Labor sanctions three for lying

By
|
Posted on Sep 30 2008

The Department of Labor has sanctioned a company, its manager, and its employee for engaging in unlawful employment and lying under oath during a Labor hearing.

Labor Administrative Hearing Officer Jerry Cody ordered Power Corp. to pay a $1,000 fine to the CNMI Treasury and provide a repatriation airline ticket for its manager, Jeon Sook Ja Kim.

In his administrative order issued Friday, Cody revoked Kim’s work and entry permit and ordered her to depart the CNMI no later than 30 days. He barred Kim for a period of one year from working in the CNMI as a foreign national worker.

The hearing officer also sanctioned the worker, Haiyan Nan, to pay a $500 fine, to be given in two installments.

Cody reinstated the earlier transfer provisions of the previous administrative order except that Nan was only given seven days to register with Labor’s Division of Employment Services. Nan was also required to submit within 15 days an employer intent form to Labor’s Employment Services.

“Although the parties expressed remorse at the April 24 hearing, that was only after they were caught and were attempting to convince Labor to be lenient in its punishment,” Cody said.

The hearing officer said he finds that severe sanctions should be assessed against both the manager and corporation.

According to Labor records, Power Corp. operates a small business located within the Duty Free mall in Garapan. The company engraves pendants with personal messages and sells them to DFS customers.

Kim holds a foreign national work permit to work as manager of the business. Nan is a petitioner who had applied to work for Power Corp. as a “commercial cleaner.”

On April 9, 2008, an objection hearing was held in the Labor Hearing Office regarding Power’s attempt to employ Nan as a commercial cleaner.

Power manager Kim testified that she needed a commercial cleaner to help her prepare the pendants that she sells at DFS.

Kim testified under oath that the prospective employee, Nan, would be not be doing any actual engraving or selling pendants to customers.

Kim and Nan stated under oath that Nan had not yet started working for Power.

At the conclusion of the hearing, Cody affirmed the objection, finding that the employer’s testimony “failed to establish the need for full-time employment of a commercial cleaner for this small business.”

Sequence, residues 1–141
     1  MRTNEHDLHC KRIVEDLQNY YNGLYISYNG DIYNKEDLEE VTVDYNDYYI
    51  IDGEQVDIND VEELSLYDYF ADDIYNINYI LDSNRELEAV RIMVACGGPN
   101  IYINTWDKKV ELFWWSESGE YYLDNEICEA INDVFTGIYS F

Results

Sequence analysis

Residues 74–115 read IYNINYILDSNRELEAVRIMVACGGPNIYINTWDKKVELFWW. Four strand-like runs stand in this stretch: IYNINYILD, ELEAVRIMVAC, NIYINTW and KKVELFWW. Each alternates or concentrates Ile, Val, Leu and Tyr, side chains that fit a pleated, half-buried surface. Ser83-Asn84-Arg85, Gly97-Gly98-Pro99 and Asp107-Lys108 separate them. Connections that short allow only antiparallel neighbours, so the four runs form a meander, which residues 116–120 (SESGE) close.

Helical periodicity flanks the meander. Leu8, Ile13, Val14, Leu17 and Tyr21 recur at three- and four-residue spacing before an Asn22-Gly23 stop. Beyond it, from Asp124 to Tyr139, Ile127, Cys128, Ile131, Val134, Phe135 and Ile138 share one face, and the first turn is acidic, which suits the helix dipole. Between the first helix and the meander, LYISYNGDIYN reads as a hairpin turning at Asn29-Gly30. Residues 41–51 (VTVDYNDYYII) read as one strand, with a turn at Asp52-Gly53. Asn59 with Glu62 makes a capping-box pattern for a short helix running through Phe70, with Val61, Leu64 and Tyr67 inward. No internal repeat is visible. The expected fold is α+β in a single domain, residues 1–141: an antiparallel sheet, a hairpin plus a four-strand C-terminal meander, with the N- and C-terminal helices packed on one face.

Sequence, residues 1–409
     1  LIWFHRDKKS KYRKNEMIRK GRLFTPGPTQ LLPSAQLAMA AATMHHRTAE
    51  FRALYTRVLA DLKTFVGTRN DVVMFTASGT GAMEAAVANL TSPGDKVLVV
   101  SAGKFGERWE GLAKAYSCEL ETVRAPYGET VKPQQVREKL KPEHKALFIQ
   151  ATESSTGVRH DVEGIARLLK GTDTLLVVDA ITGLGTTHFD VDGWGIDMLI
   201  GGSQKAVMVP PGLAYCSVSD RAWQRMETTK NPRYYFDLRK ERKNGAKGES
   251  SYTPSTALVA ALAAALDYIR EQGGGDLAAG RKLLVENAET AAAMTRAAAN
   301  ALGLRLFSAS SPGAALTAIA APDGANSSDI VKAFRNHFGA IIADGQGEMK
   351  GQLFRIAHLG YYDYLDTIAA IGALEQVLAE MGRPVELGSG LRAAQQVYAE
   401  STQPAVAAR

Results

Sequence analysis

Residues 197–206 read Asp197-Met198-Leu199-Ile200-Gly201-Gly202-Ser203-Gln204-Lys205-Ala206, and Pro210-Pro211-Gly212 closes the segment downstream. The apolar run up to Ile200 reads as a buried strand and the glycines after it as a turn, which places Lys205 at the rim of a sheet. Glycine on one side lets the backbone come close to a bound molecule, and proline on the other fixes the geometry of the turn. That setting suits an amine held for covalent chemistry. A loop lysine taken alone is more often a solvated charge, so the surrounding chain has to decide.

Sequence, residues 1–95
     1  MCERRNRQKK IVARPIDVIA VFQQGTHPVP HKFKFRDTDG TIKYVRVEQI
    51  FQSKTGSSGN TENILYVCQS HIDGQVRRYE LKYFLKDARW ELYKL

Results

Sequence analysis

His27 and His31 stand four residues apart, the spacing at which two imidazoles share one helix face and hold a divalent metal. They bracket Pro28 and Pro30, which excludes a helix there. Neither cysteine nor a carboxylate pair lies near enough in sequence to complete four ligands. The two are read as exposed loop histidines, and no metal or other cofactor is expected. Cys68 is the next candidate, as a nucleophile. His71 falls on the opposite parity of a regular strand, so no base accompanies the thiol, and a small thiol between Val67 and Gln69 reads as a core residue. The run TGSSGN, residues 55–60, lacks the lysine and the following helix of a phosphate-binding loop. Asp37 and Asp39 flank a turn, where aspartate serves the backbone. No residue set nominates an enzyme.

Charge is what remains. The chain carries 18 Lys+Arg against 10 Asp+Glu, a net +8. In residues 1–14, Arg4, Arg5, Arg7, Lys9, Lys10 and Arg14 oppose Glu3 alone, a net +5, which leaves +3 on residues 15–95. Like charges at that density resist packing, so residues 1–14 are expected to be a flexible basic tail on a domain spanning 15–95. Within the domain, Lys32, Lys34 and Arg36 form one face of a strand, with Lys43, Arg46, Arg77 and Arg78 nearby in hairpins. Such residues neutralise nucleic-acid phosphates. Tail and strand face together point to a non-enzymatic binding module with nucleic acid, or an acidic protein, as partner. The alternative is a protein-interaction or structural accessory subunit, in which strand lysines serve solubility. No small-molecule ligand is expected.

Nan was granted another opportunity to find a new employer.

On the evening of the April 9 hearing, Labor director Barry Hirshbein happened to be in the DFS store when he observed Nan working as a sales person at Power’s engraving booth.

The Power’s manager (not Jeon Kim) was called to the store, whereupon he admitted that Nan had been working at the booth for more than a month.

In response to the new information, the Labor director opened an agency case against Power Corp. and Nan for unlawful employment.

At the agency hearing on April 24, Nan admitted she had lied under oath during the April 9 hearing when she testified that she was not currently working for the company.

Nan then testified she had begun working at the employer’s DFS booth on Feb. 10, and worked there continually until April 9, 2008.

Nan explained that she had been told by Kim that she was allowed to begin working for the company. The manager allegedly told her to lie in the April 9 hearing by denying that she was already working for the company.

At the agency hearing, Kim admitted that she had lied under oath during the prior hearing when she testified that Nan was not yet working.

In fact, she put Nan to work without a permit or authorization from Labor, even though she knew it was against the law to do so.

Kim also admitted she had advised Nan to lie at the April 9 hearing by stating that she was not yet working.

The manager expressed great remorse for her conduct and asked that all sanctions be leveled against her and the company, rather than the worker because Nan was just following her instructions.

Kim admitted that her intention had been to receive the commercial cleaner permit, then to switch Nan to a sales person position at a later date.

The Labor director sought substantial sanctions against respondents for the unlawful employment as well as for lying under oath at the April 9 hearing.

The director moved to revoke the permit of manager Kim; to revoke the prior grant of transfer to Nan; and to impose a substantial monetary fine against Power Corp.

In his order issued Friday, Cody said the parties’ conduct in this case “is both egregious and willful.”

“The unlawful employment of Nan amounts to serious violation, which alone could lead to denial of transfer relief and substantial sanctions,” Cody said.

He noted that the fact that both respondents also lied under oath about the employment makes their conduct even more egregious.

Cody said, though, that having considered the matter carefully, he concludes that some leniency toward the worker is warranted in this case.

“Although Nan began working without authorization, it is understandable that she felt pressured by her new manager to begin working as soon as the manager instructed her to do so,” Cody said.

Certainly, he said, Nan should be sanctioned for this unlawful conduct; however, the worker shall be sanctioned monetarily rather than by denying her transfer relief.

Disclaimer: Comments are moderated. They will not appear immediately or even on the same day. Comments should be related to the topic. Off-topic comments would be deleted. Profanities are not allowed. Comments that are potentially libelous, inflammatory, or slanderous would be deleted.